These are chapter questions for this historical fiction novel that check for students' comprehension. The questions are all levels of thinking from "right there" to higher-order thoughts of analyzing and inferring.
A synopsis of the novel is provided and then a summary organizer follows that students write their own synopsis after every chapter. Students then have questions to answer after completing reading a section. There is approximately one question per
This Dr. Seuss packet is appropriate for upper elementary and middle school students. A short biography is presented about Theodor Geisel's life and then a page is presented explaining how he became known as Dr. Seuss. This is a great introductory
Comprehension questions for all levels of thinking are organized in order by chapter of the novel. Vocabulary is also identified for each chapter.
This holocaust novel is great nonfiction text for all readers in grades 6 - 8. The format of these
Pre-reading questions followed by sets of questions for each chapter are included in this guided reading comprehension question packet. The questions cover Webb's Depth of Knowledge and Bloom's Taxonomy. Students are required to summarize, explain,
This is a unit of guided reading questions using three groups of selected text to use with upper elementary and middle school students. Questions are aligned with the Common Core using Webb's Depth of Knowledge. A cumulative test to review all the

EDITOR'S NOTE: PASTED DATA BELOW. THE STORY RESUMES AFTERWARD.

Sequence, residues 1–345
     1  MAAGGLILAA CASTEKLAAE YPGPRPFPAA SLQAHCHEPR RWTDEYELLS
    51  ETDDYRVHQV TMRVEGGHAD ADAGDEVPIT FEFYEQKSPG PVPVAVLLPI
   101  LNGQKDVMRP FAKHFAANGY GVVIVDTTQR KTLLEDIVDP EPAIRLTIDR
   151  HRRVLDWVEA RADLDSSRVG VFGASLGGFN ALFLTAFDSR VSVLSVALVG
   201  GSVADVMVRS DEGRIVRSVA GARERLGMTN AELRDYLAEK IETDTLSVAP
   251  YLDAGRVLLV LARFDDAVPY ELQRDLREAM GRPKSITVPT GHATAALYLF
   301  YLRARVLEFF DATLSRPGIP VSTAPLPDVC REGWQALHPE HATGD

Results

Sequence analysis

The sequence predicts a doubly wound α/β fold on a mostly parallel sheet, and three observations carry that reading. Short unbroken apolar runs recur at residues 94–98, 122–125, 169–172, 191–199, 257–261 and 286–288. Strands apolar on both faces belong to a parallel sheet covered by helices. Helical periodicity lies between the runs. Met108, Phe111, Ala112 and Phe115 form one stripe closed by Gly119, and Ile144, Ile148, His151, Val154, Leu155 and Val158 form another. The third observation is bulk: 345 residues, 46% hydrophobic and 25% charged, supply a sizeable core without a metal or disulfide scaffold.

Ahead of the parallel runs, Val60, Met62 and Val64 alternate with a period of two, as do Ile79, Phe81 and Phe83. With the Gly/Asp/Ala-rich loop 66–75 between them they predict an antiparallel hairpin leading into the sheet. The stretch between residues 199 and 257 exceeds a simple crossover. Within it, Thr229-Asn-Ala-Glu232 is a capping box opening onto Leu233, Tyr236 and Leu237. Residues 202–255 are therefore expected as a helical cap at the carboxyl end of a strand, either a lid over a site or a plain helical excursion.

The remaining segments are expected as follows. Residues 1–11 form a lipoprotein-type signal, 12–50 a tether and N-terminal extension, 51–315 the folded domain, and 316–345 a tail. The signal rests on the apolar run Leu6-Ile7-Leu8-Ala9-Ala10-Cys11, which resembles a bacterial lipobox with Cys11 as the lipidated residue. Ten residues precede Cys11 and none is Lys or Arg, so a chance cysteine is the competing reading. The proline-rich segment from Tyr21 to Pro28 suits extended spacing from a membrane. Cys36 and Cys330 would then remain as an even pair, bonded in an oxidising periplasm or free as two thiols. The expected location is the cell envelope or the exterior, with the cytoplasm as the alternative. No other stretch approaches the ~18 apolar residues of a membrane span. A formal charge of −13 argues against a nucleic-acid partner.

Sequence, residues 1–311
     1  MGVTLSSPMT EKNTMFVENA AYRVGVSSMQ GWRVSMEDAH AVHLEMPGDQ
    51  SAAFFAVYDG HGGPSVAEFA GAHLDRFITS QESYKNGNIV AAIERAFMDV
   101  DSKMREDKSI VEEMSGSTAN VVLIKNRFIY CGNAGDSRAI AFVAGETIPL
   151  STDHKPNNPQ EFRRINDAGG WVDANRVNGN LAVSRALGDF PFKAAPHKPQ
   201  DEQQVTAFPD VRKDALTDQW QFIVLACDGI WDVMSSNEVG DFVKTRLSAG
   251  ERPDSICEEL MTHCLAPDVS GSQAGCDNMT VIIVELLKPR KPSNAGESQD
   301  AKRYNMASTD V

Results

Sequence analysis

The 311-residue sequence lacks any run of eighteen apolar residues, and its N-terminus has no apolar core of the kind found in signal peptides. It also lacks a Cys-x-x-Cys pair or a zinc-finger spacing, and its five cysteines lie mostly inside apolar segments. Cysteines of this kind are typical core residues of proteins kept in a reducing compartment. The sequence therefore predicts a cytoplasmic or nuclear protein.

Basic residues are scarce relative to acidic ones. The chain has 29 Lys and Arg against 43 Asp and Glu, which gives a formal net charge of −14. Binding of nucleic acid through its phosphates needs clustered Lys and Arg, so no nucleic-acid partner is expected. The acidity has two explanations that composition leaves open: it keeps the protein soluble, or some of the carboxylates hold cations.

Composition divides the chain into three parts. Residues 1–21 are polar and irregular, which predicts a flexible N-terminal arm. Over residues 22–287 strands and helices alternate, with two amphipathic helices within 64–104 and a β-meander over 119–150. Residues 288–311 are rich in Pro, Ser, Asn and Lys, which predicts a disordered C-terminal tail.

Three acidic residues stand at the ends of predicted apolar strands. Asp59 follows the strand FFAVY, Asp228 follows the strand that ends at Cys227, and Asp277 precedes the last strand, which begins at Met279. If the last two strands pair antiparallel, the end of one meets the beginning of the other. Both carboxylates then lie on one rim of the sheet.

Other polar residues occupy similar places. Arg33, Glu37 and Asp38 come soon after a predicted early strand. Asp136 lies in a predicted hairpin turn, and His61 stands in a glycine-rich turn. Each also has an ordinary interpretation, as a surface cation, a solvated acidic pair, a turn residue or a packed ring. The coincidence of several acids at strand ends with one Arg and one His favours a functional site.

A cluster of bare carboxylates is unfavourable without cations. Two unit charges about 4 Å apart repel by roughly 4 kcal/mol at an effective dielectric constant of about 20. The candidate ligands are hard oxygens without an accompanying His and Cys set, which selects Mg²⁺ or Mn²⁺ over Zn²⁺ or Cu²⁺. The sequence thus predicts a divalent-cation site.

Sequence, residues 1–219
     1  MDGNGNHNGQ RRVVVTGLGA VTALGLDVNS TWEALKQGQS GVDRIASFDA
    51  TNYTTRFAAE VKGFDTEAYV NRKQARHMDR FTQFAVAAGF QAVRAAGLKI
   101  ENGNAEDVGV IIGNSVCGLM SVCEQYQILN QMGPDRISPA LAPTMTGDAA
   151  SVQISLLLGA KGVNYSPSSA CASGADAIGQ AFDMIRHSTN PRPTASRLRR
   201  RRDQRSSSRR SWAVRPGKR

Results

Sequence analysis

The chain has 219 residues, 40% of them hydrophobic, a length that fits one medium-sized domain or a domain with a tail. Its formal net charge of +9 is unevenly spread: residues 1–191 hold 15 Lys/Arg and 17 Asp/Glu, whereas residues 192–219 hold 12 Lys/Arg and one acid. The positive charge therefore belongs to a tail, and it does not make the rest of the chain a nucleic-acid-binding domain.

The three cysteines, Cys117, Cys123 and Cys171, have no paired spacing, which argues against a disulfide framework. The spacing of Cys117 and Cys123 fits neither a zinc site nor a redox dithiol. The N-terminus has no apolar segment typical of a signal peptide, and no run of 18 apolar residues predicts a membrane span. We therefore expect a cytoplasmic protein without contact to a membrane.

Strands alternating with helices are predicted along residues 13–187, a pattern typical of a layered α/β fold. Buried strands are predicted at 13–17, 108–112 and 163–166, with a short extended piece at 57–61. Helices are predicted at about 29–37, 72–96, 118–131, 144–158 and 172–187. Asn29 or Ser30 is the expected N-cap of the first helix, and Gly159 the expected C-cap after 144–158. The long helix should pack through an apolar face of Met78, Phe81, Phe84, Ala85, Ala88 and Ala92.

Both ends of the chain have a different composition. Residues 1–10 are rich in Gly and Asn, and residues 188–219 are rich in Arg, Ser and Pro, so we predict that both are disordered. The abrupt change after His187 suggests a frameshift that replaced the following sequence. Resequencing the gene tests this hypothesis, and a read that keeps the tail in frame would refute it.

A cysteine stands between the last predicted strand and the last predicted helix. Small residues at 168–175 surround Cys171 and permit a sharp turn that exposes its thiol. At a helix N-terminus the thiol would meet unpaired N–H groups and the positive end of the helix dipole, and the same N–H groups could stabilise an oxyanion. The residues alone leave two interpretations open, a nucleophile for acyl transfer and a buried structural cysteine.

Middle Grade novel, Toys: Amazing Stories Behind Some Great Inventions, by Don Wulffson (2014), is great informational text in a story format. This packet contains 4 sections of short-answer response questions based on summary, timeline, problem
Students use this checklist to self-evaluate their Close Reading skills applied to any reading assignment. This checklist notes the skills applied while reading and then looks at two levels of achievement.
Close Reading strategies included are
Students can work independently or in a small group to identify story setting, major and minor characters, tone, and episodes (events).
This task asks students to use textual evidence to demonstrate knowledge of setting, tone, and character change.
This double-sided task asks students to set reading goals, summarize, answer a choice question about genre, problem, or prediction, and then leaves a place for a teacher-created question. This "roll the dice" question can align directly with your